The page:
As the benchmark for government securities has been set, bankers hope it will encourage primary dealers, as well as banks, to trade bonds.
They think the benchmark will help the bond market develop. They are also hopeful that it will have a positive impact on corporations and individuals.
Arequl Arefeen, head of treasury at Bank Asia, told The Business Standard there did not used to be a standard for bond trade.
He said the secondary market will now be more vibrant as the central bank has set a standard, adding that individuals who have high income and corporations will also be interested in investing in bonds.
"The maximum limit on the amount you can invest in sanchayapatras is Tk50 lakh, but there are many investors who want to invest more than that," said Arequl.
But it is not possible to directly invest in government bonds as an individual, he said.
"An investor has to invest in bonds through banks. In that case, banks act on behalf of the investor in the trade of bonds," he added.
The central bank on Monday issued a circular on determining benchmark treasury bonds, from existing treasury bonds of different terms, in order to develop the government securities market.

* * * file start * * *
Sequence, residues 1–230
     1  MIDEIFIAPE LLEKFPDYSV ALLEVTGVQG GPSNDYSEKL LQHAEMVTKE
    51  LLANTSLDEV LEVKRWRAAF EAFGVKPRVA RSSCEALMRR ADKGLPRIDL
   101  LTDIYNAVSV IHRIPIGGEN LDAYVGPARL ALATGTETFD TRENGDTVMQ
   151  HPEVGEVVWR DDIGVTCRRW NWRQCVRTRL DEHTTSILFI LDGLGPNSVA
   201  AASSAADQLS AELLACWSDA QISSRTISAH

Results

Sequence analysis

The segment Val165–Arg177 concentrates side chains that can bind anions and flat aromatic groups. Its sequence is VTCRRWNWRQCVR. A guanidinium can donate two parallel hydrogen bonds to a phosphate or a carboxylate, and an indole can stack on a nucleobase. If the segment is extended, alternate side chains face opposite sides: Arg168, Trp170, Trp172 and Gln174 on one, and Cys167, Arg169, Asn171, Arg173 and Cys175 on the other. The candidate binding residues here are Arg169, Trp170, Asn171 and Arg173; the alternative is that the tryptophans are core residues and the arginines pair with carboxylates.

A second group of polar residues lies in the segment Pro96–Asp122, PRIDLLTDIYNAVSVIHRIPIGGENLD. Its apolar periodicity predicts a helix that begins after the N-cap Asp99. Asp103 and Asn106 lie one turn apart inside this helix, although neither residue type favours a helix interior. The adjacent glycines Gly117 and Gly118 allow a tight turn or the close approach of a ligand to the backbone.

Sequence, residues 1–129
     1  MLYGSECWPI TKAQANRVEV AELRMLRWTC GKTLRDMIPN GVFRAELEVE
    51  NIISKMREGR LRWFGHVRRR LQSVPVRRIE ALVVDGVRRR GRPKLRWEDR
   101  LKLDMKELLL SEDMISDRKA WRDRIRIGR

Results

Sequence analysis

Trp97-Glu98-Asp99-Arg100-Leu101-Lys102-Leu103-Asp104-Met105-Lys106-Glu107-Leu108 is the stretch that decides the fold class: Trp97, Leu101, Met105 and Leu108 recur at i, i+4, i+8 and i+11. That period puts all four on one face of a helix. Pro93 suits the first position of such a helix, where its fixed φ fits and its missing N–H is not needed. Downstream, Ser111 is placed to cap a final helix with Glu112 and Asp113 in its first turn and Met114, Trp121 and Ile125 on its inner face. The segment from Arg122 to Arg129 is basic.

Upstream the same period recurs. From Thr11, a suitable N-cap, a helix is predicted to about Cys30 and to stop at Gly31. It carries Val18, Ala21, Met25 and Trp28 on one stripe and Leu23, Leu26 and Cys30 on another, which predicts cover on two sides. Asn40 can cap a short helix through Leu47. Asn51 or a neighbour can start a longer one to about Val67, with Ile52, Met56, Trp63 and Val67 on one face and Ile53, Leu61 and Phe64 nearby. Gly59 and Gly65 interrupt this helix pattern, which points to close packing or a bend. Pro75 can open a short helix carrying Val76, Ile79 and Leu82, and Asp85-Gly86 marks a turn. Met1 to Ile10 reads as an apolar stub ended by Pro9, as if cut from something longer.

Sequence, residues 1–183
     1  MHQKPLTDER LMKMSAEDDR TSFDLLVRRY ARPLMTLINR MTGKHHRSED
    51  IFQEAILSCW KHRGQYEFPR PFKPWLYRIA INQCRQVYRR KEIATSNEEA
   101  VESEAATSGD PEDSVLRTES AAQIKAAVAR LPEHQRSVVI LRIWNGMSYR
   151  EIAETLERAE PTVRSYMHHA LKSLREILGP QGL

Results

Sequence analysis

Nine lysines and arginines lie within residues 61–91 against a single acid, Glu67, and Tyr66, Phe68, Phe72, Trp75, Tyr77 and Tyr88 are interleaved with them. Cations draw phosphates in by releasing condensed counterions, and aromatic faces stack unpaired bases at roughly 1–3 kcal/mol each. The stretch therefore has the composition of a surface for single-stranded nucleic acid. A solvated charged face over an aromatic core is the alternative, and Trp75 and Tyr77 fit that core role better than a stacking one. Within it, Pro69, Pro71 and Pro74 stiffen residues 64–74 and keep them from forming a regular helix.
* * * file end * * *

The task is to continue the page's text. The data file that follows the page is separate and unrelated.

The bonds have been divided into six classes and 30 bonds have been selected as benchmark bonds from each class. All primary dealers have been instructed to determine the secondary market-based yield by increasing the trade of bonds.
The central bank sources said banks, in the past, would not have a clear idea about the bond trade market in advance as there was no specific benchmark. Now they will have a clear idea about 30 bonds.
This, the Bangladesh Bank thinks, will develop the market.
The head of treasury of a bank, who did not want to be named, agreed with the central bank's view. He told The Business Standard the new circular would make the primary dealers more active.
"Those who buy government bonds and trade those through banks are called primary dealers. There are almost 20 of them at present," he said.
The banker said primary dealers were in no rush in the past to be involved in the bond market.
"Now that the benchmark has been set for 30 bonds, they will be interested. This will help make the market vibrant," he added.
He further said the new circular requires primary dealers to reveal in advance the price at which they will trade the bond, which will increase the participation of buying banks in the bond market.
But the banker is doubtful about the effectiveness of the coupon rates set for the six classes of bonds. He thinks market demand will determine this rate.
In the central bank circular, 30 bonds, with terms ranging between two years and 20 years, have been benchmarked under six classes. Their coupon rates have been set between 5.5% and 10.5%.
The outstanding amount of treasury bills and bonds in Bangladesh is now around Tk3 trillion. It had already crossed Tk450 billion in the first four months of the current fiscal year, said an official of the central bank.